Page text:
Overall the meal was excellent. I am not one for surprises so it was very unlike me to order something and not know what it was going to be, but I am starting a new year so maybe this year I will just let go a little and try new things. I love how creative Chef Caroline and Dave are. Not once in my entire meal did I taste the typical Greek or Italian flavours one would normally assume of Mediterranean cuisine. Instead it was surprising, sweet, rustic, and citrusy. I loved every bite. I liked the ambiance of the restaurant, dimmed lighting, cute artwork (I think by a local artist? It has changed every time I have been there…a whole three times now!), and I didn’t even notice the music (good, because if I notice it it’s probably because it’s annoying me).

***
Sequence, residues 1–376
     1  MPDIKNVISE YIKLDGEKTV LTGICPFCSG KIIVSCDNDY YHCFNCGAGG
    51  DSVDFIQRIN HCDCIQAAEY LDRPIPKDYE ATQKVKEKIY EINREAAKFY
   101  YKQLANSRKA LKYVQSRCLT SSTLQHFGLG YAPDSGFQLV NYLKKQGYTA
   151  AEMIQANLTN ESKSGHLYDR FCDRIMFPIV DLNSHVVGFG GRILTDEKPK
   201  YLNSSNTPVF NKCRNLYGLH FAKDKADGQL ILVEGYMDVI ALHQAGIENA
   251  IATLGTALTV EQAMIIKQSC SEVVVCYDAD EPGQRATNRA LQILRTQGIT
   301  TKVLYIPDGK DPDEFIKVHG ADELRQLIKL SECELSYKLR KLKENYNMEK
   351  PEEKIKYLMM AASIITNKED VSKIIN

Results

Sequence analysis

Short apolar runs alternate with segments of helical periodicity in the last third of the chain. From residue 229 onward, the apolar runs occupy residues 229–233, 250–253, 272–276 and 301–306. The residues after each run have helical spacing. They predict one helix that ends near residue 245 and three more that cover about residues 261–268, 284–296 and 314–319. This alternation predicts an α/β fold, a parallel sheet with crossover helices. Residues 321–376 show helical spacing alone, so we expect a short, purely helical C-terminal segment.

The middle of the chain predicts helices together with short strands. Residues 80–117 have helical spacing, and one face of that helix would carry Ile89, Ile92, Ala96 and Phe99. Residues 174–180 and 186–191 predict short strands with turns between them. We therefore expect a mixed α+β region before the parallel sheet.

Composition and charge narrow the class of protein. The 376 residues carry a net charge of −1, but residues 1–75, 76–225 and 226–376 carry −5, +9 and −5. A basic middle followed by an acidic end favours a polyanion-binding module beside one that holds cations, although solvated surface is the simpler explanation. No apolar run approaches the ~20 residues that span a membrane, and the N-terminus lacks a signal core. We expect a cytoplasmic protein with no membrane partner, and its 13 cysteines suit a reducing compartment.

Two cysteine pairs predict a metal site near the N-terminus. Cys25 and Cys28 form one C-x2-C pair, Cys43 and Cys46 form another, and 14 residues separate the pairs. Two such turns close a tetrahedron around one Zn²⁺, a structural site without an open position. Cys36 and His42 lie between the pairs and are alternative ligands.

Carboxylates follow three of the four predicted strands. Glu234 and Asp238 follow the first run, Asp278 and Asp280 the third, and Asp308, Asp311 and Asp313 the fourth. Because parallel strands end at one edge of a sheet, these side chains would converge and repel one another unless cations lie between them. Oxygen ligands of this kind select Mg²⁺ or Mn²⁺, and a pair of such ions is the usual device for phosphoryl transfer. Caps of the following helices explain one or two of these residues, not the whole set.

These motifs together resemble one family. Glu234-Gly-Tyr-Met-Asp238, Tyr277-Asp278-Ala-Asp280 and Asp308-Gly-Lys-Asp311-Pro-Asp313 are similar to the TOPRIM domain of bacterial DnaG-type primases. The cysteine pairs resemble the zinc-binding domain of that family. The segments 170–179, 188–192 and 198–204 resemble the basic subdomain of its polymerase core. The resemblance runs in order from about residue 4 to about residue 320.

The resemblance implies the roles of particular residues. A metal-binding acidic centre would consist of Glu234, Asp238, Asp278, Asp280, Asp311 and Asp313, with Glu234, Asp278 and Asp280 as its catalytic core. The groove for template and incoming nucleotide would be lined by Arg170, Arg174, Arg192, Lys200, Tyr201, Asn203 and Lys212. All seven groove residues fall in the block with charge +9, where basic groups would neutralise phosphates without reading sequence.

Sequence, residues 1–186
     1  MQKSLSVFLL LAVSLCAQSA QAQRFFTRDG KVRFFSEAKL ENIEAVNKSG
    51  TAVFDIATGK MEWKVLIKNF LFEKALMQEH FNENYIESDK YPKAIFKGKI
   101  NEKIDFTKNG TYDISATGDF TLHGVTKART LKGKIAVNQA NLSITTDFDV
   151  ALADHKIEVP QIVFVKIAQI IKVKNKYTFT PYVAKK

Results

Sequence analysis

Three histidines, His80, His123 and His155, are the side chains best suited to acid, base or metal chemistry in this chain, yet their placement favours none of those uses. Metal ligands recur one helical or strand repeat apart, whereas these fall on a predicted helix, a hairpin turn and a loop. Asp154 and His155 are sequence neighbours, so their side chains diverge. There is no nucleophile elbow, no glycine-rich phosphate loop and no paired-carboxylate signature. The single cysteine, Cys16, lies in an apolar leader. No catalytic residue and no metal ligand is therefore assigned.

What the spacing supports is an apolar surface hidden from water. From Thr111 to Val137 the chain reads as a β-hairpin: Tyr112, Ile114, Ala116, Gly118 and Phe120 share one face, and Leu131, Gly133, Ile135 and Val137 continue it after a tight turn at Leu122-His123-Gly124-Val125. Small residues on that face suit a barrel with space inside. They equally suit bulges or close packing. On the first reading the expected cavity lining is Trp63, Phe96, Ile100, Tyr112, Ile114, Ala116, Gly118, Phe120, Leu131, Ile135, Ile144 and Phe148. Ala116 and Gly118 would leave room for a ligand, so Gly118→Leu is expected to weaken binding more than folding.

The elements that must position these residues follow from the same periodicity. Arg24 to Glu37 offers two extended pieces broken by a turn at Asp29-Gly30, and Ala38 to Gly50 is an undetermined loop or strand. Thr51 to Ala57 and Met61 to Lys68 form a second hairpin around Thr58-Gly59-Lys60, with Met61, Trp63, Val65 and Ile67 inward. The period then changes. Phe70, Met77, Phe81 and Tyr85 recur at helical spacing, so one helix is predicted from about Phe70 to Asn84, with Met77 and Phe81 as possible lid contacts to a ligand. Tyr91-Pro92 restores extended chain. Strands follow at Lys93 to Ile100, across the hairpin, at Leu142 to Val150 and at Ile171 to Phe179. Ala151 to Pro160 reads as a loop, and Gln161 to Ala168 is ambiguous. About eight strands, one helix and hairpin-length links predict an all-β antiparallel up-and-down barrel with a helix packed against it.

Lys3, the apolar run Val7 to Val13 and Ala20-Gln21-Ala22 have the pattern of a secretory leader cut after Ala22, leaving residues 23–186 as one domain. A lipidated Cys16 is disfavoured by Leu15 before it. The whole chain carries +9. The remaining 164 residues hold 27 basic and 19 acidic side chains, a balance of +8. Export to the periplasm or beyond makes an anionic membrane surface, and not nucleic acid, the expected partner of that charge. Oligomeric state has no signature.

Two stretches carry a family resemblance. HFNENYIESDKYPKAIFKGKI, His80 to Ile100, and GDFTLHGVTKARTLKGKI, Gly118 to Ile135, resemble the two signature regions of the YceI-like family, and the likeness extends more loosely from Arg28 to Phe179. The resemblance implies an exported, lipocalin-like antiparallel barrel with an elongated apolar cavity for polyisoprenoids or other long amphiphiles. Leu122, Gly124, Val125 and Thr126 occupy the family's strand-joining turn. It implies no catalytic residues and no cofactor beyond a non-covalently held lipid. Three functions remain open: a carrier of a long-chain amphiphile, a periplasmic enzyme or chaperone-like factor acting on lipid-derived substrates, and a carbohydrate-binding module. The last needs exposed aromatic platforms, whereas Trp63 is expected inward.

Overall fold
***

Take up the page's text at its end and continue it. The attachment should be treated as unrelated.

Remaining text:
The most special part of the meal was when Chef Caroline brought us out our meals. It shows she takes special care with each and every one of her dishes. That’s wonderful, because I take special care eating everyone one of her dishes 😉
The NCVA has sent a Letter to the Editor to the Ottawa Citizen regarding the Ottawa Humane Society’s meat-laden menu for its annual Fur Ball.
From what we understand, there is not even a vegan meal offered for those attendees who do not wish to consume animal-sourced foods, which is a shame since vegans are often the most vocal advocates of adopting animals from shelters and rescues, spaying and neutering, etc.
We do not approach this issue with any combativeness; Many NCVA volunteers and members support the OHS, either financially or through adoptions. It is the NCVA’s goal to normalize and encourage the choice to not eat animals and animal products, and we simply feel that an animal product-free Fur Ball would be a positive contribution to that goal. It’s a win for everyone!